In all my years of teaching I have never had a child ask me why another child is at the school! So why do adults think this is so hard? If we think about how difficult it is for some schools to racially integrate – imagine if it was just accepted as the norm that children of different races should attend school together? If we take this a step further, then accepting that children with special needs, which means they need additional support in order to learn, should just be the norm at all schools. In my experience, children get that but adults do not.
In my current position at school I spend more time working with parents than I do with children – but I do spend far more time observing children’s behaviour and interactions at school (especially when they are not ”supervised” like at break times or in the corridors between classes). I help children learn to get along with each other better, so – the idea is we are all here, no one is going anywhere – how do we learn to be friends, accept each other, co-exist or sometimes just tolerate each other?
Another way to create a more egalitarian society at school is to employ other adults who are also responsible for the education of the children – besides their classroom teachers. The school I work at, Pinelands North Primary School (PNPS), an Inclusive school in Pinelands, Cape Town – employs 7 Teacher Aides to support the children across the school. This has paved the way for facilitators who work with specific children ( the facilitators are paid for by the parents). This has then led the way for the many adult volunteers who work at our school every week.
I asked my daughter and nephew, both whom attend (PNPS) why some adults are in their class, working as facilitators – and they both replied – to help specific children. So, why do a 7 and 8 year old understand that some children may need more help than others at different times – and they can see that they don’t need help all the time.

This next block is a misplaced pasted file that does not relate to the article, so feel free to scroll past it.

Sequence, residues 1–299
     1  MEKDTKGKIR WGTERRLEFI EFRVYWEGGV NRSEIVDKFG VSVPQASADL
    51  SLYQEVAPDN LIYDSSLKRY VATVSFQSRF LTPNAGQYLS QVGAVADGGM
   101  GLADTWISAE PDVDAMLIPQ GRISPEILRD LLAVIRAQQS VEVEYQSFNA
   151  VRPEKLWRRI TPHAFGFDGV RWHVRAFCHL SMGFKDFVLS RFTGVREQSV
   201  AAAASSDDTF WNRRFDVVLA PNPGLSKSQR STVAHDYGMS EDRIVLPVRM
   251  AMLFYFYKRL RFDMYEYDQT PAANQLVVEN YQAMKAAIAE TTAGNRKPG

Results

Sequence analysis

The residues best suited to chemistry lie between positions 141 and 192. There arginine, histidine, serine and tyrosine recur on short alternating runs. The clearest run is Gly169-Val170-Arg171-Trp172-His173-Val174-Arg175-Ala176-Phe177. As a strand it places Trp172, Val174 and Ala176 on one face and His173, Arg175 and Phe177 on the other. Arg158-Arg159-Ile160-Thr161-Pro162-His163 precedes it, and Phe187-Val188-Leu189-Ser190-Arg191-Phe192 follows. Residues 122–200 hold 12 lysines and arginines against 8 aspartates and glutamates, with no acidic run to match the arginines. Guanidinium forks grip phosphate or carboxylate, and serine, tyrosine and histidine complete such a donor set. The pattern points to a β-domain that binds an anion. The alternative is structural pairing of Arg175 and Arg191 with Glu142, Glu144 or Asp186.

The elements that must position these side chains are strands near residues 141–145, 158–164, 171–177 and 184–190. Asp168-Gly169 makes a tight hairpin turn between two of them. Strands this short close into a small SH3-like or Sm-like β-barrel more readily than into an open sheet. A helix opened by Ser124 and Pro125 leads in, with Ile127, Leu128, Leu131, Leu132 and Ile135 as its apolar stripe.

This is an important observation, because during our break times we have 3 staff members on ‘duty’ to care for all 450 children as they play – is it not interesting then that most of the facilitators are not with their children. It is so encouraging and beautiful to see children who really need support during class playing at break times and sometimes this has been a slow weaning off process of the facilitator and child and the other children have stepped in as caregivers and … most times simply as friends!
I wish we would learn more from children. I wish more adults would stop and really think about what is possible. A textbook, policy, book or well written article makes sense if based on real life observations based on what actually happens in classrooms and on playgrounds.
I am proud that I work at a school that models and practices – in action that all people are different. Some people need more help than others and some need help to be closer at hand. I do understand that financially a facilitator is cost prohibitive to many families – but in a situation where a child who previously (and currently) could be excluded is included – and their presence awakens in everyone the knowledge that we all belong – then it is a very good thing. We also have many children who could have their educational experience enhanced by having a facilitator, but their parents cannot afford this, and so we use our volunteer adults as creatively as possible.
What children teach us about inclusion is that it does transform lives, because it shifts what was the only way of doing something to a new normal! We need a new normal in South Africa and it starts with a way of being human that honours others despite what they look like or may seem capable of!